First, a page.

“This agreement deepens longstanding bilateral educational cooperation between the United States and the Kingdom of Saudi Arabia, and we are honoured to support the further development of security expertise upon which so many in the region and beyond depend.”
The deal has not gone unnoticed in academic and activist circles. The Coalition to End the US-Saudi Alliance, founded in New York City in 2015, has issued a petition calling for the cancellation of security training of Saudi students by UNH.
An open letter to Kaplan signed by over 40 academics and activists has similarly called upon the university to “immediately terminate this program” given the Kingdom’s consistent record as a “serial human rights violator” and aggressor in the Yemen conflict. “With a regime that sees all dissent as illegitimate UNH staff will unavoidably be helping the regime stamp out movements for democracy.”
US pedagogues and trainers in the security field have come from an array of institutions, one of the most notable being the Central Intelligence Agency itself. Various countries have received the expertise of their wise, body shattering instruction over the decades. During the first term of the Reagan administration, to take a grizzly example, the CIA supplied its techniques and coercive wisdom to no less than five Latin American governments.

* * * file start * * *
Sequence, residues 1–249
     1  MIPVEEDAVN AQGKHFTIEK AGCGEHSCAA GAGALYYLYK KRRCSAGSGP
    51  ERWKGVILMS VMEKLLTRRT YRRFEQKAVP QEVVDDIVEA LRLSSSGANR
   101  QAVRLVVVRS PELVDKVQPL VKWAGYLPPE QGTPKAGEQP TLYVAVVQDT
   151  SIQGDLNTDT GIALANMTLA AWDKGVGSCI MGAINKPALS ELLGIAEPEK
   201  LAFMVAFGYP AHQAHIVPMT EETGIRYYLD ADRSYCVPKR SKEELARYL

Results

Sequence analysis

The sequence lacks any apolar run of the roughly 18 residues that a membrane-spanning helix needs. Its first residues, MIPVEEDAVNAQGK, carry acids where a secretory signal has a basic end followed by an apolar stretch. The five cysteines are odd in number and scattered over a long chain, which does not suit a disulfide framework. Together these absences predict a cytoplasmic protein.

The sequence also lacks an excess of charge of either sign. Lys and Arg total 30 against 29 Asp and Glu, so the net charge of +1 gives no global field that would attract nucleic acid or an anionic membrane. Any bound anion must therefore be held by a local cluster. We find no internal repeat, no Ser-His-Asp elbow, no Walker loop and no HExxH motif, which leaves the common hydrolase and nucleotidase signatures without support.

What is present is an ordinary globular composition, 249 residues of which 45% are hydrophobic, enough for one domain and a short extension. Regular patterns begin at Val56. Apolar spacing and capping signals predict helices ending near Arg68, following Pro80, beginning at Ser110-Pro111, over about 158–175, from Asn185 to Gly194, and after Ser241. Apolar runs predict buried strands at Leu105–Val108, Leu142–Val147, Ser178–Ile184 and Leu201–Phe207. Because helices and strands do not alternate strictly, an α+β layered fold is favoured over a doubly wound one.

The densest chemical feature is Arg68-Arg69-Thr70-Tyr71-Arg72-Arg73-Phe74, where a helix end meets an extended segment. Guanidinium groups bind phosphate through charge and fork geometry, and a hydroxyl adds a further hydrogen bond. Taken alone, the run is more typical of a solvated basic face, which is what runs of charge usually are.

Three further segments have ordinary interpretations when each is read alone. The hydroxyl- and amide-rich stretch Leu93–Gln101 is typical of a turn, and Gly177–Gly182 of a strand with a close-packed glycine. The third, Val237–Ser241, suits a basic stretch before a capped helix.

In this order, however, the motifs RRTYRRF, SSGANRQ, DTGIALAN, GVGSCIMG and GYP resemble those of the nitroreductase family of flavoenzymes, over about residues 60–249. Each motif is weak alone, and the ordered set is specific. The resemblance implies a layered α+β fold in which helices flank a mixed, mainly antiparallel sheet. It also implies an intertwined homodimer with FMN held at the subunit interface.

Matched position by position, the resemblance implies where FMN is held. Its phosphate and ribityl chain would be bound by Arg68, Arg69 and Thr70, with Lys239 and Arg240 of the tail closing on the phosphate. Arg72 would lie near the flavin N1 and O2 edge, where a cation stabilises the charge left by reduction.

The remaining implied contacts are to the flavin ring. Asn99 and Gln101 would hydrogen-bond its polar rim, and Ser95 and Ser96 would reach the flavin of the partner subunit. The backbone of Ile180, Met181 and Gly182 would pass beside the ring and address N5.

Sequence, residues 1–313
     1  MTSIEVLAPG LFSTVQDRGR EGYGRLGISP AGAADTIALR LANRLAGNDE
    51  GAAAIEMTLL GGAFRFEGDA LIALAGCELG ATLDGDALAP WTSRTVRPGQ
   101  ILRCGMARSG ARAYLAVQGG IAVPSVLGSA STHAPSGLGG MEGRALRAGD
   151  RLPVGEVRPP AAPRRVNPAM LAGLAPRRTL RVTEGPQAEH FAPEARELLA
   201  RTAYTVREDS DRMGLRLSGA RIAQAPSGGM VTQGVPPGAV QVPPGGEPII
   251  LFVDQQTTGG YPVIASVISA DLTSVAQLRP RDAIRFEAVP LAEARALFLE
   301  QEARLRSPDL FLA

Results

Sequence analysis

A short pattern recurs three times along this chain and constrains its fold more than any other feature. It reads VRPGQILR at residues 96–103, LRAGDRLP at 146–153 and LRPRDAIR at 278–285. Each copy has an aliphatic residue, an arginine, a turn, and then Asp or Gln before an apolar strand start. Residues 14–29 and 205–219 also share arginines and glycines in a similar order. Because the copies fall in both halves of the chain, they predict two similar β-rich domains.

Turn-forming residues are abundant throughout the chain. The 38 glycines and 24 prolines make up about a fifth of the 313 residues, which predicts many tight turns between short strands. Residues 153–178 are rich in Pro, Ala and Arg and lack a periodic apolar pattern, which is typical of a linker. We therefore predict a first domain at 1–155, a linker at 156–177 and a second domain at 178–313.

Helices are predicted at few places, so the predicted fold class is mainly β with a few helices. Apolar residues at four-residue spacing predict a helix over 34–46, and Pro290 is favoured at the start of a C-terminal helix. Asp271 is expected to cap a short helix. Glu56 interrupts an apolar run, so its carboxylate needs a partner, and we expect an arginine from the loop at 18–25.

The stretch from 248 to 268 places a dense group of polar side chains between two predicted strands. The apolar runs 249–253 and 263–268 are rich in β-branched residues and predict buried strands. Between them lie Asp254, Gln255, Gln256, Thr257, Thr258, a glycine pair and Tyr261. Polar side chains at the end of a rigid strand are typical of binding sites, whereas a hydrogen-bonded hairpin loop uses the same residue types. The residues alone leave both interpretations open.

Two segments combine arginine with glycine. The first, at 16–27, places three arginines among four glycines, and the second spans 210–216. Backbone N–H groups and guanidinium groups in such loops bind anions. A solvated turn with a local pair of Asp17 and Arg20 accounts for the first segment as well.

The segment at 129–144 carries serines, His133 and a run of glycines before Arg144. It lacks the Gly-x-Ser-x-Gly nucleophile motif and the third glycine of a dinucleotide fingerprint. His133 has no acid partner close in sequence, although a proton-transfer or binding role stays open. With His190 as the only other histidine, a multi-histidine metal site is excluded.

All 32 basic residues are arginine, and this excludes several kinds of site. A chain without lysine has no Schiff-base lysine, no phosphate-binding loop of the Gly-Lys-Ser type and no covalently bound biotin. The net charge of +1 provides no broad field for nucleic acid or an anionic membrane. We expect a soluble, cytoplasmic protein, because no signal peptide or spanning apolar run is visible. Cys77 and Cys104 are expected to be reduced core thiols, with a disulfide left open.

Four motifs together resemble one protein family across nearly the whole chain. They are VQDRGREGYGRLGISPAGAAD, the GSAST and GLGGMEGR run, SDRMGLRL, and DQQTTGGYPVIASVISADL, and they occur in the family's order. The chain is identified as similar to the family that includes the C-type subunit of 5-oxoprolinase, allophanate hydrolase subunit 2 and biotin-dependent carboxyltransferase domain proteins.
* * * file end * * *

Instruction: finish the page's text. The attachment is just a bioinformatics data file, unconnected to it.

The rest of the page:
During the 1970s, Operation Condor became something of an overly stacked school for torturers and enthusiastic sadists, with US forces working, as J. Patrice McSherry describes it, “behind the scenes with Latin American military and intelligence forces that comprised the Condor Group, providing resources, administrative assistance, intelligence and financing.”
In 1983, the agency published a manual instructing foreign agents on how best to extract information from individuals without removing the finger nails. Care had to be taken to achieve results; unnecessary effort need not be expended in the venture. “While we do not stress the use of coercive techniques, we do want to make you aware of them and the proper way to use them.”
In some ways, these manuals, and the personnel who came with them, tie in all too neatly with the security complex universities such as UNH conform to. Universities, notably in the states, have become corporate giants, investors and collaborators, be it in arms markets, espionage or warfare.
The language of agreements between universities and their foreign government partners is superficially sterile, even dull, concealing the obvious sinister point of regime politics and practices. There is the crude issue of “skills transfers”. There is a technology incentive. Profits are to be made, even if they come from sources bloodied and repressed. However one turns the head, money leaves its speech, its indelible imprint.
Nor are officials such as the UNH provost ignorant of the darker side of such agreements. As May explained to the Associated Press, the university had been negotiating the agreement over the course of eight years, where “the two sides worked through cultural differences, the time difference and concern about human rights.” Nothing like money to taper over such differences.